"It's a small town now," Pavlik said. "There was a point when it was a successful town. There was lot more people here. It was a booming industrial area to live in. Kids were coming out of school 18 years old and making good money. Then the mills closed and people started moving out. Neighborhoods started getting worse, and the way the economy is going, Youngstown was already down, and now it's even further down. To build it up is going to take longer, and people are upset about it. They have a right to be upset about it. And anytime you have somebody that's successful, they will cheer on the outside, and they want to build them up so they have something to cheer about. But then once the guy gets there, it's like, 'Who the hell is he? Why does he get to be up there?' What it comes down to is that I worked hard for it."
Pavlik, who a year and a half before he won his belts paid the bills by cutting grass and washing dishes, hopes people see how hard he worked to gain his success and use it as inspiration.
"Nothing was handed to me," he said. "There are bad situations and certain exceptions, and I understand that. But I hope people keep working hard no matter what. It would be a lot more positive."
Pavlik understands, too, that with celebrity come certain pitfalls.
"There was a time when I was coming up, HBO was doing a special and ESPN was talking about how run down the city was, we tried to stop them from doing that so many times," Pavlik said. "We said one time was enough. But in those specials they interviewed people who said 'It's so awesome to see Kelly Pavlik, he's a regular guy, he's just like us. He drinks beer and he throws darts.' After I won the world title, all of the sudden that wasn't cool no more. I'm not supposed to be doing that stuff. And God forbid if I didn't drink, then it became like I was too good for them."
In short, the way things had panned out for Pavlik it became a no-win situation.
"There was nothing you could do about it," he said. "I lived my life and tried to stay happy. Unfortunately with being in the spotlight like I am, rumors got worse and my family started to worry."
While Pavlik went to rehab at the request of his family and friends, he's still not quite sure what he did so wrong in the first place that garnered him all of the negativity.
Pavlik did two golf outings benefiting Akron Children's Hospital. He hosted the Celebrity Softball Slam benefiting the United Way. He's donated signed posters, gloves and photos for various charitable auctions. He's also done considerable work with the American Cancer Society and the Make-A-Wish Foundation. The latter of which Pavlik visited a terminally ill 19 year old and spent hours talking to him just three days before he passed away.
"To this day, it's like, everyone says 'I hope he stays on track,'" Pavlik said. "That kind of frustrates me. What did I do off track? That's the story I can't get out to nobody. When was I arrested? When did I rob somebody? Or shoot somebody? Or get a DUI? When did I take food off my family's plate? When did I get into any kind of domestic violence? All that just builds up and it makes you mad because I didn't have those problems."
While certain aspects of his career and celebrity are still difficult, Pavlik is coming to terms with it all.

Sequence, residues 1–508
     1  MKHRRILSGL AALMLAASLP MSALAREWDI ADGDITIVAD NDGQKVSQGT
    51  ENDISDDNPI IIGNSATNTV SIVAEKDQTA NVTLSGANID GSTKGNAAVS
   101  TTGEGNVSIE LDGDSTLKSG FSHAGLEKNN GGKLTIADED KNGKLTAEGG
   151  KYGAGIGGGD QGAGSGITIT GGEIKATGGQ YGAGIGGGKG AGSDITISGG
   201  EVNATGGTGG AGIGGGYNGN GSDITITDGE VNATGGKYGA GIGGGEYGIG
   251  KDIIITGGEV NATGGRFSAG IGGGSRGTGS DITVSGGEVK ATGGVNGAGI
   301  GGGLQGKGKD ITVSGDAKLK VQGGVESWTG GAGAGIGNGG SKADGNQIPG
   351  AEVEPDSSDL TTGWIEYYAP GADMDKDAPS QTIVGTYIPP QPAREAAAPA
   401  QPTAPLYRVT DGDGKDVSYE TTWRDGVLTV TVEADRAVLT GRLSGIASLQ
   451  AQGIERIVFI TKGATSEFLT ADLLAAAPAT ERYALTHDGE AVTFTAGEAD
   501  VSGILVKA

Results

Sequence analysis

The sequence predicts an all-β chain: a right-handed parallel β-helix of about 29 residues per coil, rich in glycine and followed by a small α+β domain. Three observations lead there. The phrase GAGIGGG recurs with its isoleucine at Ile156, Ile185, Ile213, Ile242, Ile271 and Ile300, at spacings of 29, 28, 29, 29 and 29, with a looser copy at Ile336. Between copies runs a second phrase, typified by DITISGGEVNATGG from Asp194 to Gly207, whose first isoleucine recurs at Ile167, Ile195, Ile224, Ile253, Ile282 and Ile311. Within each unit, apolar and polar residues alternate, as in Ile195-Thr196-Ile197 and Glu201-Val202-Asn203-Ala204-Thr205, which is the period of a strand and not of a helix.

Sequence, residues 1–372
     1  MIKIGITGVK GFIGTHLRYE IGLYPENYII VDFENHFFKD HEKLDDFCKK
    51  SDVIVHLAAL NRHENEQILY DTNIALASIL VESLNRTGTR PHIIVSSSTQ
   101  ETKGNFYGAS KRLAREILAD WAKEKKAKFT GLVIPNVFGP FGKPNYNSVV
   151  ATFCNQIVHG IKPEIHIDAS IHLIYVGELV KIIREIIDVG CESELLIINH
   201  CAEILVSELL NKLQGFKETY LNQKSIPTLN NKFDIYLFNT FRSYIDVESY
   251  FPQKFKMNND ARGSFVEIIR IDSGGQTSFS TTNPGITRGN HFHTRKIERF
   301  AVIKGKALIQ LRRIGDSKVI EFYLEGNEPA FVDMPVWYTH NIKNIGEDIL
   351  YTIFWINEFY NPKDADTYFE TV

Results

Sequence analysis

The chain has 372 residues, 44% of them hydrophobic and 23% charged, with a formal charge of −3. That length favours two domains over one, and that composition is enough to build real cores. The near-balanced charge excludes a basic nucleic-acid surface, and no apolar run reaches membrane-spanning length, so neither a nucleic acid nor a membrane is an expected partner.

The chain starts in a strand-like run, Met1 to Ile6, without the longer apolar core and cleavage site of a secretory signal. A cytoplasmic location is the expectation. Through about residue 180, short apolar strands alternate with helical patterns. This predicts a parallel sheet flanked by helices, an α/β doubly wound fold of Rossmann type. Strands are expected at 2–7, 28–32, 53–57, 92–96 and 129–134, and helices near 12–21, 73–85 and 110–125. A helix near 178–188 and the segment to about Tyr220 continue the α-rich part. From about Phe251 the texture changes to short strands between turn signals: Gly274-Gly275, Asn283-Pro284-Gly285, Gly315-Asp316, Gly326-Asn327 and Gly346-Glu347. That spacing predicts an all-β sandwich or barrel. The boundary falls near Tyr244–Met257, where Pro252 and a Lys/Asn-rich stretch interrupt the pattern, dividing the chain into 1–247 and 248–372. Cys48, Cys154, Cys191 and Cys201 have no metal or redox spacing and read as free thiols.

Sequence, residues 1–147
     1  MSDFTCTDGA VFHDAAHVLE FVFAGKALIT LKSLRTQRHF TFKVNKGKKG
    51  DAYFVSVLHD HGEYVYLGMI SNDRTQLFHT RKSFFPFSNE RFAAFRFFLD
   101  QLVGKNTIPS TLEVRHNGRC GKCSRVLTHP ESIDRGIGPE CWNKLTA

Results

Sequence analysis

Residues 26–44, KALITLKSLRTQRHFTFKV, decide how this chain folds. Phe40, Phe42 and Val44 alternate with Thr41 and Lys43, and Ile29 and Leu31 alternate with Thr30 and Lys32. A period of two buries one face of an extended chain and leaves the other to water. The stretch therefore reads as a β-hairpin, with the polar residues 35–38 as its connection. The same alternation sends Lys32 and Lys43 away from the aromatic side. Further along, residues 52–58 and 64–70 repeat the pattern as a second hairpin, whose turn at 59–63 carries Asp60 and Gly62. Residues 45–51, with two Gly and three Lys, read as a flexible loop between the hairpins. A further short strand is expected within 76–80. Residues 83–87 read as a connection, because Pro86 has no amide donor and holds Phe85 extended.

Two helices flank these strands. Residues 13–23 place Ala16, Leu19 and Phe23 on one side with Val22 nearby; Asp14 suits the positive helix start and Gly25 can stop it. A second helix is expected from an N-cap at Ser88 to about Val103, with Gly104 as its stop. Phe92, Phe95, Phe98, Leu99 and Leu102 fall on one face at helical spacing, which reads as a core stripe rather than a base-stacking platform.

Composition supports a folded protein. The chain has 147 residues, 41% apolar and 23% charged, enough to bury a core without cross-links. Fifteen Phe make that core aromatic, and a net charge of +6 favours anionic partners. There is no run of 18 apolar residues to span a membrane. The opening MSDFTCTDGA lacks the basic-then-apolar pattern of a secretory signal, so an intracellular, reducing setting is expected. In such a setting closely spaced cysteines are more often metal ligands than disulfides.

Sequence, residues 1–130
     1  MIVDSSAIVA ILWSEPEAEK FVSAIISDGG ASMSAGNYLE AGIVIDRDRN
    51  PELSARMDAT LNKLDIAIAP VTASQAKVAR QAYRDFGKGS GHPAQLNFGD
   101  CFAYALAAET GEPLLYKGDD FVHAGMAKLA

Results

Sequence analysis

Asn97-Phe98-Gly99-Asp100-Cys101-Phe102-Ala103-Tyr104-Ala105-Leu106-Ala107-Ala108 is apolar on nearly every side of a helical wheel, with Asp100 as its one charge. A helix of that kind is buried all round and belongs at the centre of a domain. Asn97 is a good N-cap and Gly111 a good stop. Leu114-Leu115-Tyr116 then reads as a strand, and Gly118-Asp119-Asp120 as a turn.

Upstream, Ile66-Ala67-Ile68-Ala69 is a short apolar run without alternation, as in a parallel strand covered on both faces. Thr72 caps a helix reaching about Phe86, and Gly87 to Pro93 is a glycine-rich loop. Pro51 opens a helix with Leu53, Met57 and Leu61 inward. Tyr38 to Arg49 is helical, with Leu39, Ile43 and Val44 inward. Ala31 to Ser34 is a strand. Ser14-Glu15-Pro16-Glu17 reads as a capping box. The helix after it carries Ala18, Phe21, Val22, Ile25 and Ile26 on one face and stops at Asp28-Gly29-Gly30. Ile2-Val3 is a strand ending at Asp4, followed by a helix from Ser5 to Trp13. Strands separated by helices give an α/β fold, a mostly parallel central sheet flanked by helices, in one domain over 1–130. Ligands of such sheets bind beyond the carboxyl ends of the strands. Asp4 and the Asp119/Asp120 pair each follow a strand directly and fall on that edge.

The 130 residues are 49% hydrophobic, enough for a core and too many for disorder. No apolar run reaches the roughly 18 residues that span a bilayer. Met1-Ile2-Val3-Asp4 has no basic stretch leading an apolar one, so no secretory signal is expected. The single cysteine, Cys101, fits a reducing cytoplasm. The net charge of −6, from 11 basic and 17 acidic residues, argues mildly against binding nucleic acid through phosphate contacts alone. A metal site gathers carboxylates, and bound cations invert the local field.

"It is what it is," Pavlik said. "It's hard, but it happens in any small town, and you have to take the bad with the good. You still have your loyal fans and the hard-working people that are supportive and understand more than anyone else. Those are the people you appreciate and fight for."
Win or lose, in the back of his mind Pavlik has post-fight plans and it has to do with helping kids who are in situations where he used to be.
Pavlik and trainer Lowe are starting a boxing promotion company and are looking to put on their first local professional show this summer then branch out all over the country.
"A lot of the bigger fighters have started doing it," Pavlik said. "It keeps fighters busy, and even while they're training, it's not a distraction. What we're trying to do is build a good promotion company. With me being a big name fighter, it's going to help."
Pavlik has seen his fair share of shady companies and promotional deals first hand.
"I want to support the fighters," he said. "Some promoters now are doing it as a get rich scheme, and you're not going to, especially locally. That's not our concern. I don't need a get rich scheme. Granted, it's an investment, and I want to make money off of it. But more or less I want to do it for the kids. These other guys are getting kids, building their records up, and this is where their lack of boxing knowledge comes in."
Pavlik says in certain instances promoters are hanging fighters out to dry.
"You get a kid to 10-0 and now you have to start paying his opponent," Pavlik said. "No one is gonna fight a 10-0 kid for no money. So they throw them in there against someone bigger and if he wins, great, but if he gets hurt, they made their quick money off him and they're done. That's not what we're looking to do. I want to use the pull I have with HBO and ESPN, and get these fighters into sanctioned bodies like the WBO, WBC or IBF and get them exposure. Let's stop this nonsense. I'm looking to make careers for these guys."
But for now, it's Pavlik's own career he wants to get going in the winning direction again.
"We're working hard and staying positive," he said. "I want to go in and take this kid out. I have to take him out quickly to silence the critics. But I can't get down on myself if it goes to a decision and I just get a win. I've been off for a year, and I'm gonna give it my best."
And what a year it's been.
Kelly Pavlik faces off against Alfonzo Lopez on the Manny Pacquaio-Shane Mosley undercard Saturday, May 7 at the MGM in Las Vegas.
E-mail B.J. Lisko at firstname.lastname@example.org